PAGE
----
New Zealand PM John Key Wins Third Consecutive Election; National Triumphs, Labour Humiliated; “A Victory For Those Who Kept The Faith”

New Zealand’s National Party government has won its third consecutive election, increasing its vote and trouncing the Labour Party.


Echoing Paul Keating’s true believers speech, Key said of his win: “This is a victory for those who kept the faith.”

As counting drew to a close tonight, National had won 48.1% of the vote, an increase of 0.8%. It appears certain to win 61 seats in the 120-member House of Representatives, an increase of two.

The Labour Party has polled 24.7% of the vote, a loss of 2.8%. It will hold 32 seats, a loss of two. Opposition Leader David Cunliffe has conceded defeat but indicated that he will stay on as leader of the party.

The Greens have polled 10.0%, a loss of 1.1%. They will hold 13 seats, a loss of one.


Parties on the right have increased their vote. Winston Peters’s New Zealand First polled 8.9%, an increase of 2.3%, and will hold 11 seats, up three.

Under the New Zealand voting system, electors vote for individual local members in single-member electorates, but also cast a second party vote that is used to determine the final proportion of seats allocated to each party. There are 64 local electorates with other MPs referred to as List members.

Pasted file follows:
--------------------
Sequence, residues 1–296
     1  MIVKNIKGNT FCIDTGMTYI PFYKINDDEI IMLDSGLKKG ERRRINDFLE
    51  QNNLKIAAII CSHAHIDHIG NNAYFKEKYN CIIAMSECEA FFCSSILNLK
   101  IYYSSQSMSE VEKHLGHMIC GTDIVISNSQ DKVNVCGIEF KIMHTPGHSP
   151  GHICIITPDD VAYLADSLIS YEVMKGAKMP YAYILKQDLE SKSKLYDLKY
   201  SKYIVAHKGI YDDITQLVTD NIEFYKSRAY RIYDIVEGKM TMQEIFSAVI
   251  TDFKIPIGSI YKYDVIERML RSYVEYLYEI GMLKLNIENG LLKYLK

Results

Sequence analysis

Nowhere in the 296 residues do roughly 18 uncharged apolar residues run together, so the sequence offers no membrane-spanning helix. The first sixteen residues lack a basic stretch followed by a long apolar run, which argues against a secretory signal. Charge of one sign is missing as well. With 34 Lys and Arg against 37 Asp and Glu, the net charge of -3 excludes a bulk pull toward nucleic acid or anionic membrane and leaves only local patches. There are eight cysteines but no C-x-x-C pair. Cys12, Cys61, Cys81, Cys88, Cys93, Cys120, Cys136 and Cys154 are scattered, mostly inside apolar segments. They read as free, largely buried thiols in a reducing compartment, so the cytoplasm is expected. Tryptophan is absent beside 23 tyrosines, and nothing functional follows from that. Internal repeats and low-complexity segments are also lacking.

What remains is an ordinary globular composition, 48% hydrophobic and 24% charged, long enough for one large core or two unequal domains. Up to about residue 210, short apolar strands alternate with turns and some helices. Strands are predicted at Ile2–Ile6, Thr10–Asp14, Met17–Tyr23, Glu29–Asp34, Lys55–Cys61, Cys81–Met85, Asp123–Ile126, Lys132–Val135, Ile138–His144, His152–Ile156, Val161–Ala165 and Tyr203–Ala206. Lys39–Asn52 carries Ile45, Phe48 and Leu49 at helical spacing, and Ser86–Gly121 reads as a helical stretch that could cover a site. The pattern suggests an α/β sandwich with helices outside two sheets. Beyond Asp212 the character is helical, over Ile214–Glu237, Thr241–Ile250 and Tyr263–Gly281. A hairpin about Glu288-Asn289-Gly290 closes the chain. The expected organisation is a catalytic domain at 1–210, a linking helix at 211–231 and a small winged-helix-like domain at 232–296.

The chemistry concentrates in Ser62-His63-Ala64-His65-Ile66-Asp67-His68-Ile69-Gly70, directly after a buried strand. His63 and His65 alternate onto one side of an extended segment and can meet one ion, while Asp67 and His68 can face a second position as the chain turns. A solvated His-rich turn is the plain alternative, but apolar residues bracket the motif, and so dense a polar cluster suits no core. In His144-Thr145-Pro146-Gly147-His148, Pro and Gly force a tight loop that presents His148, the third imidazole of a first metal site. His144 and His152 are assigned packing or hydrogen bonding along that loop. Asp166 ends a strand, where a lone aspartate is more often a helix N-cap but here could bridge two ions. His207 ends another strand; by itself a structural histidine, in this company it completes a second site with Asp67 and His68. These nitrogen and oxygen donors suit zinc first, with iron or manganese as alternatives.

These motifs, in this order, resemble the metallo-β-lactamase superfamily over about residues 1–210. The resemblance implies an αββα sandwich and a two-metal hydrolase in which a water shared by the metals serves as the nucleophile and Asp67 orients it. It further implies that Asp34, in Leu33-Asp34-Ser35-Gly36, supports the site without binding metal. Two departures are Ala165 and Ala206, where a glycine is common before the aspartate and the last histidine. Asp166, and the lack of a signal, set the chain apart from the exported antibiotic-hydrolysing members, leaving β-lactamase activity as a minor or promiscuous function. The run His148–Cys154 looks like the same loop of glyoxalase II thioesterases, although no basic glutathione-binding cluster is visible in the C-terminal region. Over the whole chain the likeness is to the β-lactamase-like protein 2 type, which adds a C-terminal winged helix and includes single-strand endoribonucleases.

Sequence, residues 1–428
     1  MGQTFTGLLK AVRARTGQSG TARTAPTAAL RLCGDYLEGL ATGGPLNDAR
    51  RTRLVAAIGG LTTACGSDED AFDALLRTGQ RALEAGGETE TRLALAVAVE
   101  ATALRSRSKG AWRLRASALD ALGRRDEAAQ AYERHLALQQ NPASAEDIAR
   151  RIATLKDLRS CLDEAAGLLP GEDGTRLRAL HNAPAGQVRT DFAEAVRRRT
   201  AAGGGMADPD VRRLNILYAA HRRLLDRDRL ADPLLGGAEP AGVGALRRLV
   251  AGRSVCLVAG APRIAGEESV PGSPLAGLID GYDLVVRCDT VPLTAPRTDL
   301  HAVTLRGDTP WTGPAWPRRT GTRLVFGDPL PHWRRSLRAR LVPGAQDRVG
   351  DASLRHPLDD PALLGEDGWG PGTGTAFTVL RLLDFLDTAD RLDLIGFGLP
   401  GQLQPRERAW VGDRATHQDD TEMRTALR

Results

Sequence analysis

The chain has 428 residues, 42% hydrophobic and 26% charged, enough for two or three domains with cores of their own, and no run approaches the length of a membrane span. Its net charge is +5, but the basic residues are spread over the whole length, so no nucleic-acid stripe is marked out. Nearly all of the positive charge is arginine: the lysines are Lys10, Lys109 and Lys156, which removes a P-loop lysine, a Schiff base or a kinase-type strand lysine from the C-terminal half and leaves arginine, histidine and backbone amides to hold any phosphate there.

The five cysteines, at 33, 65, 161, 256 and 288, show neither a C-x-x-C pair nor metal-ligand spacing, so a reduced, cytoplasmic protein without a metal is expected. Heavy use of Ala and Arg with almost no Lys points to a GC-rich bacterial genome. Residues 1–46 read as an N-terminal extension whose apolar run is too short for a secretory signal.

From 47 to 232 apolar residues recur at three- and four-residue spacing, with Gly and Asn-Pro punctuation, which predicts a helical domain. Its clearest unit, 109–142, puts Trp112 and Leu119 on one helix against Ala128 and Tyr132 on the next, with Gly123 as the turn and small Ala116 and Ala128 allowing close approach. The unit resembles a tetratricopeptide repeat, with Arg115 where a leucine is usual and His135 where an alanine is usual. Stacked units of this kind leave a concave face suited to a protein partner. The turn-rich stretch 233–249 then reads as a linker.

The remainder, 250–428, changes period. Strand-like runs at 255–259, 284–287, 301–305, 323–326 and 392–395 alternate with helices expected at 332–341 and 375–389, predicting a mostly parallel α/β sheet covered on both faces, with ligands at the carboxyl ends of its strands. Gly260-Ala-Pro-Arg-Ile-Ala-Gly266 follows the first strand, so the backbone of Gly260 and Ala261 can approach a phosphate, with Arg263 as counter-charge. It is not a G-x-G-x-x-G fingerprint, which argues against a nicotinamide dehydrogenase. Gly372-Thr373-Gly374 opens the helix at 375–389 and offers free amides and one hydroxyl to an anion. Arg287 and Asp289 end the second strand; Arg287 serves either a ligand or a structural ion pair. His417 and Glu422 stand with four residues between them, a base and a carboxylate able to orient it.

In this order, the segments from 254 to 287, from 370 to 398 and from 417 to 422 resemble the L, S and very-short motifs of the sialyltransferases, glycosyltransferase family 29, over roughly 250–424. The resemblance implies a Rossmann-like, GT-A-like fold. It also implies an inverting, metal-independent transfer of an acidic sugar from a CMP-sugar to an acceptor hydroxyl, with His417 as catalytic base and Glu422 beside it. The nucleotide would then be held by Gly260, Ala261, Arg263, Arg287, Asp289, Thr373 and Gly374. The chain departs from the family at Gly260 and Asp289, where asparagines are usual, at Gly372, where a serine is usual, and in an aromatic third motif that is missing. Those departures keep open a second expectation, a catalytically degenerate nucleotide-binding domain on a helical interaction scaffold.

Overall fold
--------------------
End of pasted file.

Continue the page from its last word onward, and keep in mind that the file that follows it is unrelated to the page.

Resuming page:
Ten parties have polled less than 4%, thus failing to meet the threshold of eligibility for seats.

To secure his majority, Key will probably negotiate with the other centre-right parties, as he has done previously. However, by any measure, he has taken National to a stunning victory. Even if Labour, Greens and NZ First combined forces, they would still have fewer seats than National.

Labour’s Helen Clark won three consecutive elections in 1999, 2002 and 2005, but she did not increase the Labour vote in her third victory.

The Labour Party’s vote in today’s election is its lowest since 1925. The party faces an uncertain future.

  • Listen to Key’s victory speech (10m)
  • Listen to Labour leader David Cunliffe (11m)
  • Listen to New Zealand First leader Winston Peters (3m)

October 4, 2014 UPDATE:

Final counting of the New Zealand election has seen John Key’s National party fall just short of an outright majority, winning 60 seats in the 121-seat parliament.

Preliminary figures on election night gave National 61 seats, but the counting of 330,000 special votes has resulted in it losing one seat to the Greens.

The Greens will have 14 seats, Labour will have 32 and New Zealand First will have 11.

National’s final vote count has fallen from 48.06% to 47.04%.

Key has secured his majority by signing an agreement this week with the ACT Party and United Future. An agreement with the Maori Party is expected soon.

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